It can be recalled that Shell had announced a few days ago that it might likely write down between $15 billion-$22 billion in post impairment charges for the second quarter of 2020. The impairment, which is its largest since the merger with Shell Transport and Trading Company Ltd in 2005, shows the huge adverse impact that the coronavirus pandemic has had on the oil giant’s businesses.
Also, in a move that shocked investors, Shell for the first time since the Second World War, cut down the dividend that it paid to its shareholders by two-thirds due to the negative impact of the pandemic. The decision came as a surprise to many including shareholders of the oil company which is by far the biggest payer of dividend in the FTSE 100.
Governor David Umahi of Ebonyi tests positive for COVID-19
Umahi has directed those who worked in the budget review for 2020 to immediately test for COVID-19.
The Governor of Ebonyi State, David Umahi has tested positive for COVID-19, reported on Saturday afternoon.
Umahi’s Special Assistant on Media, Mr. Francis Nwaze, confirmed the news and also revealed that some associates of the governor also tested positive.
He also said that the Governor is not showing any symptoms of the disease, though he has isolated himself in line with the NCDC protocols.
“The governor has directed his Deputy, Dr Kelechi, to coordinate the state’s fight against the disease and appealed to the citizens to take the NCDC protocols seriously.
“He will currently be working from ‘home’ and will be conducting all meetings virtually,” Nwaze added.
David Umahi becomes the sixth Nigerian governor to test positive for the disease, Governors of Kaduna, El- Rufai, Bauchi, Bala Mohammed and Oyo, Seyi Makinde have fully recovered while the recent cases have been the Governors of Ondo, Rotimi Akeredolu and Delta, Ifeanyi Okowa.
On Thursday, Governor Umahi announced that the state’s Executive Council was finalizing the budget review required by World Bank and said “most us broke down and are being treated of malaria.”
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He also directed those who worked in the budget review for 2020 to immediately test for COVID-19 and admitted he is expecting a second test result after he initially tested negative in March.
Nigeria’s debt rises to $79.5 billion, as debt to revenue ratio worsens
According to data obtained from DMO, $27.66 billion (N9.9 trillion) is the total external debt.
Nigeria, Africa’s largest economy’s total public debt rose to $79.5 billion (N28.63 trillion) as of the first quarter of 2020, which is March 31, 2020. This represents a 15% increase from the figure that was recorded for the corresponding period in 2019, which was about $69.09 billion (N24.94 trillion).
This was disclosed in a latest publication by the Debt Management Office (DMO) on Friday June 3, 2020.
Nigeria has seen its debt stock rise sharply in recent years as the country tries to fund infrastructural and developmental projects and boost its fragile economy, which has been in and out of recession. The country’s economy has been projected to fall into recession again, due to the adverse impact of COVID-19 that has seen oil prices crash globally.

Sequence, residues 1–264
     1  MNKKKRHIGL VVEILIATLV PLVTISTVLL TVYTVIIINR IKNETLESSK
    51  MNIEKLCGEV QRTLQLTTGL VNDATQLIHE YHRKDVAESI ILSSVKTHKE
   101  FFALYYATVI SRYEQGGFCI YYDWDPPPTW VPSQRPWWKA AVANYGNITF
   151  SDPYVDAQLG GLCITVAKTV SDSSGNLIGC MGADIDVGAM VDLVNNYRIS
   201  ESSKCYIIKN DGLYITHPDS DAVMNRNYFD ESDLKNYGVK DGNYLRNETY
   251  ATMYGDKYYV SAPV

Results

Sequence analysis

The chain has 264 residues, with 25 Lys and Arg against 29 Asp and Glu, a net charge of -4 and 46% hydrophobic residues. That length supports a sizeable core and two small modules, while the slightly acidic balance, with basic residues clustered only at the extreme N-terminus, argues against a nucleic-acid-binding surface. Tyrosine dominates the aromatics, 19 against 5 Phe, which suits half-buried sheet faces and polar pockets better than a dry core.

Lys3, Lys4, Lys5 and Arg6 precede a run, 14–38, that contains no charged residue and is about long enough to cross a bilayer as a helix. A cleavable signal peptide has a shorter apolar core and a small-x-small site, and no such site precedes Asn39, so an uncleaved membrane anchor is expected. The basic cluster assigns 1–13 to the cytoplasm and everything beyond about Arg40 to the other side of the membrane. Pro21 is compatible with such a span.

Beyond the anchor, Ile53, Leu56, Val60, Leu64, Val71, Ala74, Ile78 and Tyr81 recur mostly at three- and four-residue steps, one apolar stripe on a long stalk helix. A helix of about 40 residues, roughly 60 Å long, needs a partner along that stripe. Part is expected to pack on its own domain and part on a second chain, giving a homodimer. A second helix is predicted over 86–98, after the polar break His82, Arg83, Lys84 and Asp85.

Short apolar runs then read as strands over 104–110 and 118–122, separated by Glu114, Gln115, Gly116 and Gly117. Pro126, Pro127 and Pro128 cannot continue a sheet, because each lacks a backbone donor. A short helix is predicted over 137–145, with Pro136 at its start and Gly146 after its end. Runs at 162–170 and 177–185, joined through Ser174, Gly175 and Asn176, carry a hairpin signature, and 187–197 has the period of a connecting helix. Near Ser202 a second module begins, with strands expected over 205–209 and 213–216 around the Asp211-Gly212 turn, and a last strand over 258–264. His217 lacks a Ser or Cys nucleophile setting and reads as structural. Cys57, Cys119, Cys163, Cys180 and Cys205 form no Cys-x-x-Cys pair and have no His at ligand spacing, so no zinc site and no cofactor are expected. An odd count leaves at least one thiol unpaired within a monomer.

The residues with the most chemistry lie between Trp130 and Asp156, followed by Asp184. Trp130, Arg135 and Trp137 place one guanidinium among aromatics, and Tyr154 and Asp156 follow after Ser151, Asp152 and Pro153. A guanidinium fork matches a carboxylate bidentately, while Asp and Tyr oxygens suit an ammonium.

According to data obtained from DMO, $27.66 billion (N9.9 trillion) is the total external debt. This represents 34.89% of the total public debt stock. Whereas, $51.64 billion (N18.64 trillion) is the total domestic debt, which represents 65.11% of the total public debt.
The Federal Government accounts for 50.77% of the total domestic debt, which is $40.26 billion (N14.53 trillion), whereas the State Governments and Federal Capital Territory account for 14.34% of the total domestic borrowing which is $11.37 billion (N4.11 trillion).
Nigeria has been under a lot of fiscal crisis following the crash of oil prices triggered by the coronavirus pandemic. The oil sector accounts for about 90% of the country’s foreign exchange earnings and about 60% of its total revenue.
The country, which had lined up a series of debt issue this year, had to halt the external commercial borrowing due to oil price collapse. The Minister for Finance, Zainab Ahmed, had last week disclosed that the country would no longer go ahead with its Eurobond debt issue.
The Nigerian government, for now, is focusing on the domestic markets and concessionary loans to help fund the 2020 budget deficit which is made worse by drop in revenue. In the recently approved 2020 revised budget, the federal government is expected to borrow N850 billion from the domestic market.
This rising debt has put a lot of pressure on the government’s resources as it spent $1.69 billion (N609,13 billion) to service its domestic debt in the first quarter of 2020 alone.
Nairametrics had reported that Nigeria’s global rating is at risk due to the sharp rise in the country’s sovereign debt and a growing finance gap. According to a report from the global rating agency, Fitch Ratings, this could trigger a rating downgrade as policymakers struggle to stimulate growth and deal with the impact of low oil prices and sharp drop in revenue.
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According to Fitch, the country’s debt to revenue ration is set to deteriorate further to 538% by the end of 2020, from the 348% that it was a year earlier.